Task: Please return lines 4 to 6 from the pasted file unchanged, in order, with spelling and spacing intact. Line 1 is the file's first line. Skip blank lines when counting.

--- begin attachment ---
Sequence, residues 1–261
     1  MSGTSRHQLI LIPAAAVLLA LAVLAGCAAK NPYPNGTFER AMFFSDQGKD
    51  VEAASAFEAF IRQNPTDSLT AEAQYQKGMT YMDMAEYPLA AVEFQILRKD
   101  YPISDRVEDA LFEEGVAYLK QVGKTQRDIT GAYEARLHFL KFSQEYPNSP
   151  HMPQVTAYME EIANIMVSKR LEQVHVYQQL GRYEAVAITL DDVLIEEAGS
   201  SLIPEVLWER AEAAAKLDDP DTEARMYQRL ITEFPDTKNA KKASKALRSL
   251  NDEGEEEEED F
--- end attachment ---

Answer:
   101  YPISDRVEDA LFEEGVAYLK QVGKTQRDIT GAYEARLHFL KFSQEYPNSP
   151  HMPQVTAYME EIANIMVSKR LEQVHVYQQL GRYEAVAITL DDVLIEEAGS
   201  SLIPEVLWER AEAAAKLDDP DTEARMYQRL ITEFPDTKNA KKASKALRSL